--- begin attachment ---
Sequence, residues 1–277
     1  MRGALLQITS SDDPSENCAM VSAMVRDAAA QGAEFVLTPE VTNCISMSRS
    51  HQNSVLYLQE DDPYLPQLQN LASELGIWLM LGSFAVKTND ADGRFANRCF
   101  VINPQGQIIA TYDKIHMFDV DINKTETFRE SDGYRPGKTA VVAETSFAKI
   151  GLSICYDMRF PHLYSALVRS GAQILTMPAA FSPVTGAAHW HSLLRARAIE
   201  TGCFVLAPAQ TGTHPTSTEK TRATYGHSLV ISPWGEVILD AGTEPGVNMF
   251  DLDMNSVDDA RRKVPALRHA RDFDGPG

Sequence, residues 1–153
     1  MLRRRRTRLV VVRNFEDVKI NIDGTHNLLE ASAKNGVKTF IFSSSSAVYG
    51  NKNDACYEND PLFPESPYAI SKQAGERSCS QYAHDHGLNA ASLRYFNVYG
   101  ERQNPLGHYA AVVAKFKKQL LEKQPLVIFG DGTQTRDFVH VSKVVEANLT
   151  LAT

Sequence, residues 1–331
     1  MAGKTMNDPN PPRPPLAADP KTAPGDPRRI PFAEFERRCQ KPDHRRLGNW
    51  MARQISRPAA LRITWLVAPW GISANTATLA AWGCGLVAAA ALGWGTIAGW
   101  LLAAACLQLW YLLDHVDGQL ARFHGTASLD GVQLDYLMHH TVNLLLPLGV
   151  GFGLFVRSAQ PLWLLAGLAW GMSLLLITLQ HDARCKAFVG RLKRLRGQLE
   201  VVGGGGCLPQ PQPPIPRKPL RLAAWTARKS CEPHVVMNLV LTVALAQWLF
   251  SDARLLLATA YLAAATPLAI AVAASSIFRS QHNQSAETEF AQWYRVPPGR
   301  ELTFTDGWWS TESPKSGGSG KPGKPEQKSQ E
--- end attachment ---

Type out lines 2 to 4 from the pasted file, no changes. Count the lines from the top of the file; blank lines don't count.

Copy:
     1  MRGALLQITS SDDPSENCAM VSAMVRDAAA QGAEFVLTPE VTNCISMSRS
    51  HQNSVLYLQE DDPYLPQLQN LASELGIWLM LGSFAVKTND ADGRFANRCF
   101  VINPQGQIIA TYDKIHMFDV DINKTETFRE SDGYRPGKTA VVAETSFAKI